To provide a more complete understanding of the present invention and not by way of limitation, reference is made to the following examples. However, one of ordinary skill in the art would appreciate that various modifications and changes can be made without departing from the scope of the present invention. Accordingly, the examples are to be regarded in an illustrative rather than a restrictive sense, and all such modifications are intended to be included within the scope of present invention.
Milled-plodded soap compositions having the following formulations were made according to the process as described above.
Components % Dry Basis % Dry Basis % Dry Basis Total soap content ~55 (A) ~65 (B) ~72 (C) C8 fatty acid Sodium soap 2.40 2.62 3.00 C10 fatty acid Sodium soap 1.95 2.34 2.60 Sodium Laurate 14.80 17.75 19.75 Sodium Myristate 6.25 7.10 7.90 Sodium Palmitate 15.50 18.46 20.55 Sodium Stearate 2.00 2.27 2.56 Sodium Oleate 13.20 16.23 18.17 Sodium Linoleate 3.50 4.26 4.75 Glycerine 4.10 4.10 0.00 Sorbitol 8.40 3.50 0.00 Zinc Oxide 2.00 2.00 2.00 Bentonite 5.00 5.00 5.00 Water 18.13 12.08 12.02 Minor ingredients balance balance balance Total (approx) 100.00 100.00 100.00
Note: Control soaps, in all the above cases were also made, without any Zinc oxide.
In Vitro Data:
The effect of the soap formulations on the growth of Staphylococcus epidermidis, a common skin bacterium was evaluated by determining the effect of one minute exposure of bacteria to 8% soap suspension. The growth curve of the test bacterium was followed post exposure and increase in the lag/decrease in the final growth (as determined by optical density) was determined.
An 18 hour old culture of S. epidermidis grown on a culture medium having the composition as mentioned below was used for the assay. A saline suspension of the culture was adjusted to an optical density of 0.2 at 620 nm corresponding to approx. 1×107 cfu/ml using a spectrophotometer. 100 μL of this saline suspension were placed in the wells of the microtitre plates. The plates were then left at room temperature for 2 hours to allow the cells to settle under gravity. The supernatant was then removed.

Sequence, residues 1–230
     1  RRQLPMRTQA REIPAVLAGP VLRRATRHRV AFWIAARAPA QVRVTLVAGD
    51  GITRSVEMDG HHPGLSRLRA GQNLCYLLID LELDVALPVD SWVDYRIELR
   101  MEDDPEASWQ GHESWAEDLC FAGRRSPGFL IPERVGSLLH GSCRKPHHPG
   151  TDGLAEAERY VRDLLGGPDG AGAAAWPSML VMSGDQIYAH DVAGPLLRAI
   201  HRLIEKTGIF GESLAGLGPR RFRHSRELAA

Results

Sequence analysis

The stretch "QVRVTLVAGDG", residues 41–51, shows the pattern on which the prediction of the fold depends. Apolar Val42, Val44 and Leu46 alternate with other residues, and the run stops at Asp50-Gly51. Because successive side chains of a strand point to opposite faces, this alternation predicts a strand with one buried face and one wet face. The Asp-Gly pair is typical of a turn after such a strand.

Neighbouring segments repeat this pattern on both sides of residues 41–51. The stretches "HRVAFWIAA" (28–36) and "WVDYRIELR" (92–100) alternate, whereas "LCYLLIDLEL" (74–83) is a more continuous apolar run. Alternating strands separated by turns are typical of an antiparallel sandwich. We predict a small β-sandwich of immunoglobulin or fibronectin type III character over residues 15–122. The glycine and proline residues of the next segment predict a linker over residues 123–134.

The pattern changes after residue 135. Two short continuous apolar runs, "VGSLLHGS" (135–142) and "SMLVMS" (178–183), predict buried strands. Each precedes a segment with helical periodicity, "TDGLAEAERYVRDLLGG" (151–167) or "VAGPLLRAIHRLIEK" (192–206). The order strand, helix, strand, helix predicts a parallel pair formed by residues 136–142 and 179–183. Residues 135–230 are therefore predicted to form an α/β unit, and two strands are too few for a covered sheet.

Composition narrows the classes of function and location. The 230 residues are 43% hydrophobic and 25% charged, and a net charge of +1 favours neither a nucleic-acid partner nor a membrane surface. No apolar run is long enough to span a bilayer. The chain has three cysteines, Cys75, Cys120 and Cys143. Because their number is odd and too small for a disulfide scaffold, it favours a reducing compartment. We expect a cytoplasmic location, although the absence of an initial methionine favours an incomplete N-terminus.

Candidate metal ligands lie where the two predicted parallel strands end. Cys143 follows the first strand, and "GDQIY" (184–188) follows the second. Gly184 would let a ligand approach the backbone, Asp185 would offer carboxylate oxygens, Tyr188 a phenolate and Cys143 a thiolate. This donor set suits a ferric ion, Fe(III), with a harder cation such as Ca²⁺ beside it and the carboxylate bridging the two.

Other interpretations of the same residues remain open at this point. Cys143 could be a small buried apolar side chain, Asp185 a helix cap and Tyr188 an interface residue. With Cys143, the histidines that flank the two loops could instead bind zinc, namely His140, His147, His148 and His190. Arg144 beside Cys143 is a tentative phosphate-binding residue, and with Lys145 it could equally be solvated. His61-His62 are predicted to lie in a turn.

Composition of Culture Medium
Blood Agar base number 2 12.5 g (HI Media Company) Dextrose 0.3 g (Ditco Company) Yeast extract 0.9 g (HI Media Company) Tween-80 1.5 g (SD Fine Chem) Deionised water 300 ml
Soap Sample Preparation
8% suspension of the soap compositions were prepared in distilled water.
Treatment of Adhered S. epidermidis
Microtitre plate wells were treated with 100 μL of the 8% soap suspension for 1 min. The soap suspension was then pipetted out of the wells and the wells rinsed twice with 100 μL of sterile distilled water. Control soap was prepared without Zinc oxide.
Measurement of Antimicrobial Activity
200 μL of sterile BHI broth supplemented with glucose and Tween 80 were added to each well and the OD was measured every 30 min at 630 nm for 24-48 hrs at 37° C. using a plate reader. The growth curve was plotted for each sample tested as a mean of triplicates.
The Growth Retardation Index was calculated as follows:
Lower GRI is a marker of better antibacterial activity and therefore. In the above procedure, OD stands for the Optical density.
Results of the experiment have been summarized in table-1 below.
Lauric salt (Sodium) content
Growth Retardation Index
in the composition,
as % of soap content
In the above examples, the Sodium laurate salt is present at ˜25% of the total soap content in the composition. It can be readily seen that addition of 2% Zinc oxide reduces the “Growth Retardation Index” from 0.3 to about 0.08, which demonstrates the antibacterial efficacy of the composition of the present invention vis-à-vis control soap composition, which is devoid of Zinc oxide.